(Second viewing, On Cable TV, March 2018) I first saw The Player sometime in the mid-nineties and fondly remembered it as a good satire of the Hollywood system. Seeing today, now that I’m venomously better-informed about moviemaking, is almost better than a first viewing. Tim Robbins stars as a studio executive who, harassed by an unknown person, comes to accidentally kill a screenwriter. The rest of the film is about avoiding detection even in the face of persistent investigators. Writer/director Robert Altman has rarely been funnier as he (somewhat gently) skewers the Hollywood machine, portraying nearly everyone as self-absorbed jerks capable of the worst. Back in 1992, much was made of The Player’s nonstop parade of cameos—twenty-five years later, it’s turned into a game to spot people whose fame has considerably waned a quarter of a century later, or non-actors Hollywood royalty whose face were never that well-known in the first place. The film does begin on a very high note with a complex seven-minute shot that neatly introduces a bunch of narrative threads and characters. It spends a remarkable portion of its first half-hour lining up joke after joke even as it gradually builds up its premise. The rest of the film isn’t as constantly funny—The Player does take its plot seriously after a while, and the detective subplot isn’t particularly high on satire. The last few minutes, however, do go back to the satire, with an amusing movie-in-a-movie and a killer last few lines in which, well, “forget it Jake, it’s Chinatown.” While I don’t think I’m quite as bullish about the movie as when I first saw it, I still like it quite a bit.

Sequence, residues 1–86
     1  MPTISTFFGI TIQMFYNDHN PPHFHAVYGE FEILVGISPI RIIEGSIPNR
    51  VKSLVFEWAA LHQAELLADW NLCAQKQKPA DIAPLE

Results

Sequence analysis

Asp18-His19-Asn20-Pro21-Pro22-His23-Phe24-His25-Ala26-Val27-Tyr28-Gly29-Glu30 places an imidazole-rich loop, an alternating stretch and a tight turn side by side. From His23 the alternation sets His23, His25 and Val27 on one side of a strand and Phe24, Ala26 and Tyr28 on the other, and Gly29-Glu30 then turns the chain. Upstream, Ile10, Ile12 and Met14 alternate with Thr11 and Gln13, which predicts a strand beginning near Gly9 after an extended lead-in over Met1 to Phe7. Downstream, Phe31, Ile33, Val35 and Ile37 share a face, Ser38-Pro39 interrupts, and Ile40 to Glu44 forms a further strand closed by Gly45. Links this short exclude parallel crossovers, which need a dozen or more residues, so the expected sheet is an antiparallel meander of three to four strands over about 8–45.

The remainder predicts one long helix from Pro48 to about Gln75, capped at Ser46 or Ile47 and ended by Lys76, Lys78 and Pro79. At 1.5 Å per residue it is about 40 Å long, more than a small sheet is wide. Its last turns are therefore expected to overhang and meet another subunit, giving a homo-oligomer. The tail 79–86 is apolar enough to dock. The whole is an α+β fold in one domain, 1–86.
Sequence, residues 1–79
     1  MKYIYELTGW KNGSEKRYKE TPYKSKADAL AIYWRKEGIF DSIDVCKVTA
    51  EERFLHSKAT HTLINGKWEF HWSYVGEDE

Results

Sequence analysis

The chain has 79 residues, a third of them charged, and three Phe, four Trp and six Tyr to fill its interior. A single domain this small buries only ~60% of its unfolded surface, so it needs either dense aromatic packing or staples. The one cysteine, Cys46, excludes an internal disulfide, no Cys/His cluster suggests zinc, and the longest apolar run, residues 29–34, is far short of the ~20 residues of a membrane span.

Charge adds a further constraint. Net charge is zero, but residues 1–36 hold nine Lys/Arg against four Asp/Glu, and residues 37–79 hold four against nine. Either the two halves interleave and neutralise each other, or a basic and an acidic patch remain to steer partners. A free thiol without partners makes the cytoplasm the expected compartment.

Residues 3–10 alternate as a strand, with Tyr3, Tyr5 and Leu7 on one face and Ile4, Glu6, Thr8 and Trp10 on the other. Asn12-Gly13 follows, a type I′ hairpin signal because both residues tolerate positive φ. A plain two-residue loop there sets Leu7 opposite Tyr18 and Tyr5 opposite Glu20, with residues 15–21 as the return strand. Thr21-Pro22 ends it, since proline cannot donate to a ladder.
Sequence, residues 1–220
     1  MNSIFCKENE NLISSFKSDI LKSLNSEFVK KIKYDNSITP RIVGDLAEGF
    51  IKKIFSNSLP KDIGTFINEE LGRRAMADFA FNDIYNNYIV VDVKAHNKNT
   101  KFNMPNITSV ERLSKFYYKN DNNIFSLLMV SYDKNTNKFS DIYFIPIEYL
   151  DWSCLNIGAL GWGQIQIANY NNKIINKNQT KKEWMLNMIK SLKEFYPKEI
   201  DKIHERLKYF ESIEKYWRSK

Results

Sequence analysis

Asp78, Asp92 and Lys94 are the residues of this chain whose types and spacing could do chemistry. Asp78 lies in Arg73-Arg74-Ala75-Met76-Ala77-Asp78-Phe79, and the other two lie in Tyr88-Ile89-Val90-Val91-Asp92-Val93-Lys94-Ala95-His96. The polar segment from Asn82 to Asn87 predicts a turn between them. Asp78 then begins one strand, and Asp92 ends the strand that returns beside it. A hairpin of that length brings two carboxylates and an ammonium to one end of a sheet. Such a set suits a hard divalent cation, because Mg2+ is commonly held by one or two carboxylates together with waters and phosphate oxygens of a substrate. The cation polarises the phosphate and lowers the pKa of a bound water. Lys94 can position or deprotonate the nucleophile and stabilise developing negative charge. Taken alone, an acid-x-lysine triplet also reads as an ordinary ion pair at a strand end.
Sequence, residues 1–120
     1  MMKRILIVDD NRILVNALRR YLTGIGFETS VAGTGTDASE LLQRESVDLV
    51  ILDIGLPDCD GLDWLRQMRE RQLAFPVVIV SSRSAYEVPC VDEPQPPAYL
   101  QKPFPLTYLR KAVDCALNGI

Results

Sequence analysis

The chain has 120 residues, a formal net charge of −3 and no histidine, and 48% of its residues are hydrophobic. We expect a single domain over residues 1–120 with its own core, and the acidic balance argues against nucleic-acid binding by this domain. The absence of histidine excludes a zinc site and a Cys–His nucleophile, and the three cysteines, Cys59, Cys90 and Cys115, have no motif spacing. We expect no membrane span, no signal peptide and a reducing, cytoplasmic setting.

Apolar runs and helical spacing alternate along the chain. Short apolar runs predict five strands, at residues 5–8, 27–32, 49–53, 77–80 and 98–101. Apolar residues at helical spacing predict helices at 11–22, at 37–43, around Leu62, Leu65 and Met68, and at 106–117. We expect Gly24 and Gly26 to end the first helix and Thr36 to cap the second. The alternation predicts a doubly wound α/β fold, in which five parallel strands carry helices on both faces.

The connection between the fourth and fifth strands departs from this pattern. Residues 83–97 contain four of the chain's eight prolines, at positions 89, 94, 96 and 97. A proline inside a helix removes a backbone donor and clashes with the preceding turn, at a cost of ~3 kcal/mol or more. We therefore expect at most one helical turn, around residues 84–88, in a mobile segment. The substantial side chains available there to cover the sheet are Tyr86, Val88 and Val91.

(In theaters, December 2000) This might be a rather impressive misfire, but at least Dr. T & the Women can boast one of the most descriptive title of the year. There’s the plot in a nutshell, how a gynaecologist (Richard Gere, in a fairly good role) deals with the woman in both his professional and personal lives. I’m not sure if the screenwriter actually lives on this planet (Woman looking forward to their visit to the gynecologist? I’m no expert on the subject, but that’s news to me.) but it’s clear that s/he’s got no skill writing comedy: Despite the potential of the film’s elements, it falls singularly short of exploiting its own quirkiness. (At one point, I kept hoping for Dr. T. to say “My wife’s a nut, my sister-in-law’s an alcoholic, my lesbian daughter is getting married to a guy, my secretary’s hitting on me and the most normal member of my family is a conspiracy theorist!”) lot of missed opportunities, slow pacing, implausible situations (even for a Robert Altman film) and a truly awful ending which doesn’t resolve anything. But don’t think that I didn’t enjoy the film, flaws and all. The star-studded cast is impressive in itself, there’s some welcome female nudity and if you don’t know the ending you can kid yourself in being interested in how worse the plot threads can get for the intrepid Dr. T. Kudos to my sister for uncovering a subtle interpretation of the film, as she maintains that it’s Dr. T. himself who’s responsible for the nuttiness of the women around him. All in all, a film that’s worthwhile almost despite itself.